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Publication numberUS7979891 B2
Publication typeGrant
Application numberUS 11/430,720
Publication dateJul 12, 2011
Filing dateMay 9, 2006
Priority dateMay 9, 2006
Also published asUS20070265835
Publication number11430720, 430720, US 7979891 B2, US 7979891B2, US-B2-7979891, US7979891 B2, US7979891B2
InventorsNeil Smithline
Original AssigneeOracle International Corporation
Export CitationBiBTeX, EndNote, RefMan
External Links: USPTO, USPTO Assignment, Espacenet
Method and system for securing execution of untrusted applications
US 7979891 B2
Abstract
In accordance with embodiments, there are provided mechanisms and methods for securing execution of untrusted applications. These mechanisms and methods for securing execution of untrusted applications can enable embodiments to provide a “sandbox” environment in which applications that are less than trusted may execute. The ability of embodiments to provide such a protected environment for executing these untrusted applications can enable systems designers and system programmers to provide additional applications from third parties to users without being overly concerned about system security issues.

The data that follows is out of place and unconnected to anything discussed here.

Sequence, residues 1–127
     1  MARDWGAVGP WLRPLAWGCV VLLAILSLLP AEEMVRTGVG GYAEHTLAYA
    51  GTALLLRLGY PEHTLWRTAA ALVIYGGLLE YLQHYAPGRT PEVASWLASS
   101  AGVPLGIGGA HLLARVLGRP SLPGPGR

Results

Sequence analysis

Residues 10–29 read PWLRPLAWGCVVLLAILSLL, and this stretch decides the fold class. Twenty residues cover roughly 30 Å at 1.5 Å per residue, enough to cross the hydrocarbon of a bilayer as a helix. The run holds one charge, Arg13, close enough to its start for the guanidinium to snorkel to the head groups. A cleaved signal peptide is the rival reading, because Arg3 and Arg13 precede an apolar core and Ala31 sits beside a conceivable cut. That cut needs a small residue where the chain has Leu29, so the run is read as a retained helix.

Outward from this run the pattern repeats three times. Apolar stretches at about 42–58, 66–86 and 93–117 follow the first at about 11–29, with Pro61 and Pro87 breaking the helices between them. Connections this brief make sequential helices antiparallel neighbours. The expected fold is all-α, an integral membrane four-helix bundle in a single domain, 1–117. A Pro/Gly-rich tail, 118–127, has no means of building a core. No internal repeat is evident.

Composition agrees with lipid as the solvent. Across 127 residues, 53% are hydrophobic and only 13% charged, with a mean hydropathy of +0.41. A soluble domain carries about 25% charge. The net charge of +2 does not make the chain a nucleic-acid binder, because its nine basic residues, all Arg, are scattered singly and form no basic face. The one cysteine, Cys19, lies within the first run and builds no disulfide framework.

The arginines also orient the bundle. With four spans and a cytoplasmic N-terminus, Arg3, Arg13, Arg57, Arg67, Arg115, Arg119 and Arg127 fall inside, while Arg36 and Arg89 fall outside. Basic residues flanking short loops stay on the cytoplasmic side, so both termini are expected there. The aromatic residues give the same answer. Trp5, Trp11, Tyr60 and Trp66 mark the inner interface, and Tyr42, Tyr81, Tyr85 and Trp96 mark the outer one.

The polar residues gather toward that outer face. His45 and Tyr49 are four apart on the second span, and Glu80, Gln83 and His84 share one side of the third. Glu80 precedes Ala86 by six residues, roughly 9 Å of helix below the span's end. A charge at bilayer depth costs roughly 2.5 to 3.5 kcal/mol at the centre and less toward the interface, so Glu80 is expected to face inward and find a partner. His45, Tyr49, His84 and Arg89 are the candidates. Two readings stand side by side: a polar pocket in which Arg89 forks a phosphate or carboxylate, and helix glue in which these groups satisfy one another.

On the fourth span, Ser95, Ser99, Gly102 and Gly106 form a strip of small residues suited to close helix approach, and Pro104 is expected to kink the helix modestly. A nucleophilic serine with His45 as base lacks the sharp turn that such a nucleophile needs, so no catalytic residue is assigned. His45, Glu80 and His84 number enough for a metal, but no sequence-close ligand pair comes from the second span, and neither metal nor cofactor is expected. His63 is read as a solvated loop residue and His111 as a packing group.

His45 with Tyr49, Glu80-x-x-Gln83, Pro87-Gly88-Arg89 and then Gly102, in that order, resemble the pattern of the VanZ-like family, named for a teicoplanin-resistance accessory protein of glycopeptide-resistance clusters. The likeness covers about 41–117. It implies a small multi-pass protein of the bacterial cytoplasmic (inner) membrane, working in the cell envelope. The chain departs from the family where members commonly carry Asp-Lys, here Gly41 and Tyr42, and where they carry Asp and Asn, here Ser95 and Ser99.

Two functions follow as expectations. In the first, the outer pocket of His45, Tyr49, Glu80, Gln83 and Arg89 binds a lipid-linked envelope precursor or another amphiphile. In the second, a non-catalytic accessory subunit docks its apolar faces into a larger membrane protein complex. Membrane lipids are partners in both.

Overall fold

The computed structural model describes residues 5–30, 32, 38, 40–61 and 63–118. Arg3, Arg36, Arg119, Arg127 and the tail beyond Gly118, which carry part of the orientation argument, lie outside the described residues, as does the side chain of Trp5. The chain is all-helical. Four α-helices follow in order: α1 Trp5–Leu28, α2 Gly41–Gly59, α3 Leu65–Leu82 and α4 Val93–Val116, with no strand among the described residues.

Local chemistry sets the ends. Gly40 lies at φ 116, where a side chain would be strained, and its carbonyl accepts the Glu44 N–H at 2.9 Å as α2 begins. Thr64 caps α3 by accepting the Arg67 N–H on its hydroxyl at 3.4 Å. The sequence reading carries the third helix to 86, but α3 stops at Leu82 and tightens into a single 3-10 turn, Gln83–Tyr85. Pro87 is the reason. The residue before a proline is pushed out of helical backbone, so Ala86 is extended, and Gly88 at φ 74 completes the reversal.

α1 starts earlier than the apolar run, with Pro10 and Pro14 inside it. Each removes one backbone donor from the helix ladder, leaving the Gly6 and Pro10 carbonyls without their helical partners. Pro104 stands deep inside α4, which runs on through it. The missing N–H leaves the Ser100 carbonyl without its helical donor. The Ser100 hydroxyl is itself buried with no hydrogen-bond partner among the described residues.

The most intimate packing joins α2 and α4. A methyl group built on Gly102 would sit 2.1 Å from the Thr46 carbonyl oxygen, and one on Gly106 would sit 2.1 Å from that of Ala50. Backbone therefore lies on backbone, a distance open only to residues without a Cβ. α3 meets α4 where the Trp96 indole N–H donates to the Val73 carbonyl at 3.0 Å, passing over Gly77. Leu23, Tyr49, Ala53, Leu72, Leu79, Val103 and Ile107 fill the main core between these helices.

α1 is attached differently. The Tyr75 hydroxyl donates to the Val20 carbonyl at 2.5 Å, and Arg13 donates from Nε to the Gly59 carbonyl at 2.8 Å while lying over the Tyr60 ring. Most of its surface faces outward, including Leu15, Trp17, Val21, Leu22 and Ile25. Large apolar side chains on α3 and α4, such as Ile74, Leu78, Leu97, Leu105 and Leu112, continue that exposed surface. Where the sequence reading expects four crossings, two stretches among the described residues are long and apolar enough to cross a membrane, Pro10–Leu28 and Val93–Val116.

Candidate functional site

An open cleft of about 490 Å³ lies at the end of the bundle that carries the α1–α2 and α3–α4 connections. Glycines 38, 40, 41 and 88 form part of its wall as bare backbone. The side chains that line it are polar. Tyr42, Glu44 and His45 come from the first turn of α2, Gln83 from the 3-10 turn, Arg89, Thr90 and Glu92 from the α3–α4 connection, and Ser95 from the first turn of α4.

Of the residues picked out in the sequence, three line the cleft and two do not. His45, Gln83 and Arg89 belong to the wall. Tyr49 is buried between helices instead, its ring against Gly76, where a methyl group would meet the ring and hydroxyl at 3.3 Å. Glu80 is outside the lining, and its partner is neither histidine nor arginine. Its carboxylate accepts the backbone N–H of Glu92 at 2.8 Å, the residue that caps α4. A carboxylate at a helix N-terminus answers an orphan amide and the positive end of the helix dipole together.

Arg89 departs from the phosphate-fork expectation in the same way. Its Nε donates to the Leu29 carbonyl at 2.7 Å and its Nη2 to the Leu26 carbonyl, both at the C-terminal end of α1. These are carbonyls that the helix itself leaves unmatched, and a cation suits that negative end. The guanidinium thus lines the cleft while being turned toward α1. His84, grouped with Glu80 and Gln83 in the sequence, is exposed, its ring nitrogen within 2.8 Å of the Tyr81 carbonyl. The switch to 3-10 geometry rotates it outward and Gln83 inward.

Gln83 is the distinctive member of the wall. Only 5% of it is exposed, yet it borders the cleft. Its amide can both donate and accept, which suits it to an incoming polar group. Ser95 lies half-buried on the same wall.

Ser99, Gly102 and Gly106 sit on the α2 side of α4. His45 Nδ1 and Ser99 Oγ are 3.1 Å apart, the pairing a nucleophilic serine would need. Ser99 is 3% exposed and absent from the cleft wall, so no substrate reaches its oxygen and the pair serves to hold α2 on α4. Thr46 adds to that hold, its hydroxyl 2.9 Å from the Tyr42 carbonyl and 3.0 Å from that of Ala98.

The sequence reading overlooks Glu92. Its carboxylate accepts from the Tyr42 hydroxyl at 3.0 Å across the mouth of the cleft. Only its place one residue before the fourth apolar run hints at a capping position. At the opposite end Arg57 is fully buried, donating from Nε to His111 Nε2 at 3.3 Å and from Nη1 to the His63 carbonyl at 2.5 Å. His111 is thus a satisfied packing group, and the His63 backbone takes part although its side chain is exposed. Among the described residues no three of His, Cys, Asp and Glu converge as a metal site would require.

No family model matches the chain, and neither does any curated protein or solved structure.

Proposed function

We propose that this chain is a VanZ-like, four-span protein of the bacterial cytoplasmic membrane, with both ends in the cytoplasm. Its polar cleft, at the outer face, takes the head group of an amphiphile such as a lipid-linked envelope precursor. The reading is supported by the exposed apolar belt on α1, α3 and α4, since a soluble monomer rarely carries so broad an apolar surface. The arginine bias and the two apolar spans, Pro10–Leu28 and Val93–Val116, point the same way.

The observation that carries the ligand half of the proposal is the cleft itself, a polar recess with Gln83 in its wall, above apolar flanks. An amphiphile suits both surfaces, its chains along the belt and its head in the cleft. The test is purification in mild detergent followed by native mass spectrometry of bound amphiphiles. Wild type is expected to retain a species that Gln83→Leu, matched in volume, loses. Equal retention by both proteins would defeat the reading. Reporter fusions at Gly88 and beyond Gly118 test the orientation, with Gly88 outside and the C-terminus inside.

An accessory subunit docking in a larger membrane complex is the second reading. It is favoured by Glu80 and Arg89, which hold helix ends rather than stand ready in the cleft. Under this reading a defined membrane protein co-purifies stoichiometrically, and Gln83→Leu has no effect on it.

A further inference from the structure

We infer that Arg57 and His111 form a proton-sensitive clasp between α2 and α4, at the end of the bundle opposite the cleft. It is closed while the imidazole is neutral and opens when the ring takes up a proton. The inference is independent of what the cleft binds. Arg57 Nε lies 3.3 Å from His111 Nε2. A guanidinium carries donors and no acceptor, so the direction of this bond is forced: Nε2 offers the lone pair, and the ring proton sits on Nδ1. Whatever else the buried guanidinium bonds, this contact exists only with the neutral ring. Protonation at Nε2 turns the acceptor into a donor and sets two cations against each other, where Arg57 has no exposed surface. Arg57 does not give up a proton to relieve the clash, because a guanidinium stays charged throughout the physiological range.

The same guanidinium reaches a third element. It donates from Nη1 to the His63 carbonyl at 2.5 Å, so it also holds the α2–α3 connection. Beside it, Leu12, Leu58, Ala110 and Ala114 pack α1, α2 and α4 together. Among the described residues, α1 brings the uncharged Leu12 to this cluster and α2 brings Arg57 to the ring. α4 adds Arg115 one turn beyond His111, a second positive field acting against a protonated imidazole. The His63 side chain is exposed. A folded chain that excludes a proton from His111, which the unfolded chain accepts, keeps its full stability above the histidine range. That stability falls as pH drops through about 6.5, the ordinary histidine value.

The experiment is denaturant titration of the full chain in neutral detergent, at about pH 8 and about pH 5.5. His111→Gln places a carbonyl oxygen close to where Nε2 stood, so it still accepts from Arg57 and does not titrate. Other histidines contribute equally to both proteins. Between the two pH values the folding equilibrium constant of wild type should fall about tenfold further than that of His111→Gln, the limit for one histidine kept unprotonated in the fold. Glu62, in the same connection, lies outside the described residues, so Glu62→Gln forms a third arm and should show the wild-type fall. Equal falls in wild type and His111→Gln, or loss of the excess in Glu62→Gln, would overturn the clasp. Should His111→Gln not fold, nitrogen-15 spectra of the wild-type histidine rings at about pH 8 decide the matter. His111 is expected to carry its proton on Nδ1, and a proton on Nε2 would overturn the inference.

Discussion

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Claims(18)
1. A method for securing access to classes by untrusted applications, the method comprising:
providing, at a computer which includes a computer readable medium and a processor, a plurality of class files, wherein internal Application Programming Interfaces (APIs) and public APIs are maintained in separate class files;
providing a filtering classloader which is configured to
look-up a requested class,
compare the requested class to a filter list, and
by default, deny access to internal class file APIs;
receiving at the computer, a request from an untrusted application to access a class stored on the computer;
looking up the requested class by
looking-up the class using a local classloader and,
returning the class if the class is found using the local classloader or,
if the class is not found using the local classloader, then looking-up the class using the filtering classloader and,
returning the class if the class is found using the filtering classloader;
if the class is not found by using either the local classloader or the filtering classloader then returning an exception;
if the class is found by the filtering classloader then looking-up the class in a filter list which includes a plurality of documented classes available to untrusted applications; and
if the class is in the filter list, then permitting the untrusted application to access the class.
2. The method of claim 1, wherein receiving, from an untrusted application, a request to access a class includes:
receiving the request from an application that falls short of meeting the requirements of a trusted application.